Wash your masks: How to clean a cloth face covering

Wash your masks: How to clean a cloth face covering
The CDC recommends the use of face masks to slow the spread of COVID-19. (Image via TwoPointsCouture/Flickr)

What do Costco, Home Depot, Petco, McDonald’s and Whole Foods have in common?

All the retailers are among the dozens of big businesses across the U.S. that require customers to wear face coverings in the midst of the coronavirus pandemic.

At this point, many people have multiple masks that they swap out while venturing out of their homes, but regardless of the number, it’s important to keep your masks clean and yourself safe.

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One way to do that is to regularly clean them.

The Centers for Disease Control and Prevention recommends washing face coverings in a standard washing machine or by hand.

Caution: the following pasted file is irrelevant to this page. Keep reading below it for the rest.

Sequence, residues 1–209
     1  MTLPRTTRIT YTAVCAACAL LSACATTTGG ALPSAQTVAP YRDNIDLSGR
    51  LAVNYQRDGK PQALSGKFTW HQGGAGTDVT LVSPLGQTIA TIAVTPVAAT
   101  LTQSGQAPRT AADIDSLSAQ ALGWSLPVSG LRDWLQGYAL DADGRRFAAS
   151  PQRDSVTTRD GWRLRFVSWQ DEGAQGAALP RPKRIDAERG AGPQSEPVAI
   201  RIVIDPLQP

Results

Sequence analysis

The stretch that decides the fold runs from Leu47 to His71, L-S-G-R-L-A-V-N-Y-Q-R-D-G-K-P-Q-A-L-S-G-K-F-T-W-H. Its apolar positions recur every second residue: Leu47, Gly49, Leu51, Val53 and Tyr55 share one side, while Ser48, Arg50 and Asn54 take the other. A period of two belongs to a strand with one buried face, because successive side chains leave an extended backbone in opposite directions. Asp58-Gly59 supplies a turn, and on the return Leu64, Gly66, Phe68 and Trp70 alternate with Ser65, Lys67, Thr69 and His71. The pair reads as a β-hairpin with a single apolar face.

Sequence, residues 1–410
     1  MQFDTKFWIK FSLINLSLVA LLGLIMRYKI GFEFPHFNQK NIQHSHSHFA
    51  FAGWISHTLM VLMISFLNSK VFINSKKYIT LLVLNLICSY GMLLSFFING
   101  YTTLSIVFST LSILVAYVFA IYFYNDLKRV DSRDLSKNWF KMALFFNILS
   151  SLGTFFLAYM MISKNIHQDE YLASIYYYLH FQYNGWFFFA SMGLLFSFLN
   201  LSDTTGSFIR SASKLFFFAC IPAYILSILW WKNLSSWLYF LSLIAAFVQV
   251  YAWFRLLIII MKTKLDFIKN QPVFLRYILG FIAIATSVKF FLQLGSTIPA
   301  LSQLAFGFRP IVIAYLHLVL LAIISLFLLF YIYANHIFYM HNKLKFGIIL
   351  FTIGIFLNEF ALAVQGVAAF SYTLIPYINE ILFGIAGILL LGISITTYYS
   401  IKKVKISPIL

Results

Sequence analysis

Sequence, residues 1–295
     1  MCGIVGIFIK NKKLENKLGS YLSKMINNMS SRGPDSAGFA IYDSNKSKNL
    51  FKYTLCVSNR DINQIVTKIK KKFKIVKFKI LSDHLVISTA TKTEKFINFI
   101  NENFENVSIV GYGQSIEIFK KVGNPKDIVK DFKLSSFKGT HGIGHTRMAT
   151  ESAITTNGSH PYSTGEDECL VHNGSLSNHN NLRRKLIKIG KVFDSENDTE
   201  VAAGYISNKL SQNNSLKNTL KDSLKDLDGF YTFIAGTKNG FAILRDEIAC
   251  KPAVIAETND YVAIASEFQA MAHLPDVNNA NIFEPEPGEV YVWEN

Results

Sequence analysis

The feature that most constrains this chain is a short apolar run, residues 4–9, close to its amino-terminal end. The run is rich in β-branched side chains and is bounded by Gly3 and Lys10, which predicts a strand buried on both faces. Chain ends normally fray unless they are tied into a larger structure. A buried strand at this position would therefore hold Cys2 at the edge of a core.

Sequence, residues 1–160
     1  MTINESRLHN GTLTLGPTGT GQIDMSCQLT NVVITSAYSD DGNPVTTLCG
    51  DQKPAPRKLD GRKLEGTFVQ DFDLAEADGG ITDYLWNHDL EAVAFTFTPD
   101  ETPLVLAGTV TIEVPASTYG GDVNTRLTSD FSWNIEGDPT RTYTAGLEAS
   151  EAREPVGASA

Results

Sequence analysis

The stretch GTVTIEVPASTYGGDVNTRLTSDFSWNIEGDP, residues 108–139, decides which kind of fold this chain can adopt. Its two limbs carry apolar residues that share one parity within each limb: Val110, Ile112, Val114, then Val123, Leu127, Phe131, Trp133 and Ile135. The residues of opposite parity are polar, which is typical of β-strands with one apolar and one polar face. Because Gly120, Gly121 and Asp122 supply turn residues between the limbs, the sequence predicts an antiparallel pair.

Masks can be washed with regular laundry and detergent on a warm water setting.

To be extra careful with delicately made or handmade masks, consider putting them in mesh laundry bags like this one before dropping them in the washing machine.

Masks can also be washed by hand with a bleach solution by mixing 5 tablespoons (1/3 cup) of household bleach per gallon of room temperature water or 4 teaspoons of household bleach per quart of room temperature water.

The CDC suggests letting masks soak in the solution for 5 minutes before rinsing with cool or room temperature water.

Per the CDC: Check the label to see if your bleach is intended for disinfection. Some bleach products, such as those designed for safe use on colored clothing, may not be suitable for disinfection. Ensure the bleach product is not past its expiration date. Never mix household bleach with ammonia or any other cleanser.

Also remember that standard bleach will change the color of fabrics as it strips color.

Masks can be dried in a standard dryer or air drier. The CDC recommends drying masks using a machines highest heat setting or in direct sunlight.

For those with N95 masks, researchers at the University of Illinois at Urbana-Champaign recently discovered that respirator masks can be cleaned in slow cookers like Instant Pots and Crock Pots.